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July / August 2016

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The Big Day Buck

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By Dr. Johnnie Rosenauer

Dec. 12, 2012 was a BIG DAY for at least three reasons. According to Corban, my 14-year-old history buff son, it was the “Day of the End of the World” based upon the Mayan calendar. If true, that would have to be considered a pretty big day and I guess this article would not be of any use! But I was reminded of and comforted by the good book’s words, which said, “No man knows the time of The End.”
Additionally, it was a big day for our family because it was my wife Danell’s last day of work prior to retirement from public schools. At least for me, it was a big day because it was the first time to go hunting after a pretty strong norther had blown through South Central Texas during the 2012-13 deer season. I recalled the great anticipation of leaving home as a teenager in Pearsall and going to Marble Falls to visit the old Burnham Brothers sporting goods store. I remembered their advice to “follow the cold north wind south” and was excited to do so that morning.
The thermometer on my F-150 4x4 showed 19 degrees on my carport in Spring Branch as I fired it up. Waiting for the engine to warm up just a bit before heading south, I reflected that my old truck and I are a good bit alike in some ways. Both of us have lots of miles traveled with a good many dents and scrapes. Neither of us is as pretty, nor as powerful as some years back, but still we’re lumbering along with dependability.
I stopped by and picked up my hunting partner of 40 years, John Pursch, in Bulverde along the way and we headed for Frio County. The wind was starting to slow as we settled into a couple of good blinds just under a 1/2-mile apart. It was crystal clear and one of those kind of mornings that made me glad to be alive and in the woods. It hardly ever fails to strike me as the sunrise comes forth, how blessed my life has been to spend 50-plus years hunting South Texas.
As daylight approached, I saw a middle-aged buck walk out toward my feeder. I had seen him two or three times already this season and had rattled him up about a week earlier just before dark. He had charged in hard, looking for the fight. He was a solid eight-point with a just beginning G4 on one side, about a 16-inch inside spread, and dark, heavy antlers that pitched forward. I thought to myself, “Just hang around here for 2 or 3 more years and we will see what you become.” The buck ate a while and headed back into the thick brush, not ever appearing to know he was being intently watched.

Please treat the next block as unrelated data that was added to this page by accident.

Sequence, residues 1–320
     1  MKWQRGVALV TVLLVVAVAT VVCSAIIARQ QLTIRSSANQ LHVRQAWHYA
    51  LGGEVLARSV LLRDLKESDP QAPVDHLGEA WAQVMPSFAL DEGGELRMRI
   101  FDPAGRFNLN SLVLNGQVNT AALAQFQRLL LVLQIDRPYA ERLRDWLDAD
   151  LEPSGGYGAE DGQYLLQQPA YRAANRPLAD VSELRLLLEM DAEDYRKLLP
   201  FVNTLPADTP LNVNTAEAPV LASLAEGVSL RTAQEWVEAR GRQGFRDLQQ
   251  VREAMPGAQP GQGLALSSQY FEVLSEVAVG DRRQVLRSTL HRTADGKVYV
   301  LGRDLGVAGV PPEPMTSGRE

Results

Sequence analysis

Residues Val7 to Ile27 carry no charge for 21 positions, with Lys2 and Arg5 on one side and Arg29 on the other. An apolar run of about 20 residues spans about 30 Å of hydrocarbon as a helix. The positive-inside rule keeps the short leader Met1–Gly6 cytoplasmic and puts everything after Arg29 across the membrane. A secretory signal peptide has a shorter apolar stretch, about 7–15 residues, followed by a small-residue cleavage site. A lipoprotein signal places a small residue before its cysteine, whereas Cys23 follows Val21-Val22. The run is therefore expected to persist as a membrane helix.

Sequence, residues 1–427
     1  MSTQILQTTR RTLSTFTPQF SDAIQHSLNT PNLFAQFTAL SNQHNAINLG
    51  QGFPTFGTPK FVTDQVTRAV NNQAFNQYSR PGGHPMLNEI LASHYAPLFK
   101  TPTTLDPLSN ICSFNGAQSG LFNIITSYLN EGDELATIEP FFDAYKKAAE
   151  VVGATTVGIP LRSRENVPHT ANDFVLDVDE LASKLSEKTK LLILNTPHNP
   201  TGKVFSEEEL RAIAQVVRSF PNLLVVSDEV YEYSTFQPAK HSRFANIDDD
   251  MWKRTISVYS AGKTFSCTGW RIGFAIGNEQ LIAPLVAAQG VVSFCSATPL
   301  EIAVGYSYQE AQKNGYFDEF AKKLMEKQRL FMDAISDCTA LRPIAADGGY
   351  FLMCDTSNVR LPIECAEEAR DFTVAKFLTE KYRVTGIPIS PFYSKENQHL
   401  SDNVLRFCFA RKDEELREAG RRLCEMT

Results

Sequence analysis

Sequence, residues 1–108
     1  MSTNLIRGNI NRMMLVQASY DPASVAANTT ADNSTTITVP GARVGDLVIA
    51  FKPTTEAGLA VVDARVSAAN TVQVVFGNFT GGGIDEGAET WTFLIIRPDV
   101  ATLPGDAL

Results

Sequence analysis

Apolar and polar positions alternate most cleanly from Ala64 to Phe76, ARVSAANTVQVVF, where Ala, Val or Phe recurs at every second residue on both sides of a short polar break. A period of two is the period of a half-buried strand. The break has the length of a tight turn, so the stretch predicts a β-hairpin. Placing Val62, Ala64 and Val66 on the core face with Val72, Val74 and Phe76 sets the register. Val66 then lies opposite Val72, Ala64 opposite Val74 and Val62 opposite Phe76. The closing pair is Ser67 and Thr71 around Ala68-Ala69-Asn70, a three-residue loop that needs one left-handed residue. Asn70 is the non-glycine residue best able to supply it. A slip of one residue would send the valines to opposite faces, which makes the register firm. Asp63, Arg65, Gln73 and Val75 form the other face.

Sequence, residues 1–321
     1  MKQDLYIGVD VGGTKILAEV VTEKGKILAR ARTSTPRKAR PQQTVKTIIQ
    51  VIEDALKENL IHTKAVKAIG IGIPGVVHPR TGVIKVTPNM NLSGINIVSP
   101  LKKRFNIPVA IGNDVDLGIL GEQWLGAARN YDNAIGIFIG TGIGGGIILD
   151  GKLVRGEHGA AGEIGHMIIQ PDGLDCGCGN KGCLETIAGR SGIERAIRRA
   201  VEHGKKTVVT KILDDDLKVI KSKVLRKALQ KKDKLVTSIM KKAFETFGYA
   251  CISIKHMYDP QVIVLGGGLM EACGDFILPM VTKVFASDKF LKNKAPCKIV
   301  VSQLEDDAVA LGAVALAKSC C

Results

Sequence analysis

John texted me and said he had a younger buck hanging around his area. After a while, he texted that an older buck had wandered by, and was heading my way. He said the deer was mature with tall white tines. The deer had stopped to freshen a scrape about 30 yards away from his blind. We have only killed one mature buck on our family place since I took over the management of it in 1976, so watching a buck walk by was old hat for both John and myself.
After about 20 minutes or so I saw some tines moving my way through the brush. The buck appeared about 180 yards away down a long, wide sendero. It was clear he was mature or post mature and I quickly got my scope on him for a better look.
The buck was heading straight toward me and I wanted to see him sideways, so used a grunt call to see if he would stop. Better than that, he stooped and turned sideways. I could tell this guy was plenty mature. I took a bead on him and touched off a shot. At the report, the old guy simply walked back into the brush. That was NOT what I was expecting. Having killed several deer and hogs with my gun, a Model 70 Featherweight in 7mm-08, and using 140-grain bullets, I fully figured he would simply crater where he stood!  
A quick mental review went through my mind. Little wind, standing broadside shot, not too far. I was deliberate and not rushed. There was a sandbag on the windowsill for a sold rest. Then I saw my error. The sling swivel had been the point of contact on the bag and not the gunstock. Upset at myself for failing to notice such a detail, I was brought back to the “here and now” when the deer returned to the sendero, now at about 160 yards. This time there was no error on my part and the bullet struck him squarely in that rut-swollen neck.
Upon review of the buck, his teeth indicated to me, and it was later confirmed, that he was 7 years old. He began the fall with 10 nice points with a 19.5-inch inside spread, but was now down to, at best, 7.5 points. He was clearly taking the breeding season seriously and had the scars to prove it.
Clearly, the good Lord took pity on me that day and wanted me to have this deer. One surprise was that in spite of being very “fresh smelling” with heavily stained hocks, the old warrior was still quite fat. I guess he started his rutting late. Obviously, based upon his broken up headgear, he had not been “on the sidelines” for a week or better, but was fully participating in the breeding activities and all that brought with it.
Yep, 12-21-12 was a sure enough Big Day for me. I sure do hope there are a few more such days in my life out there in the South Texas brush.

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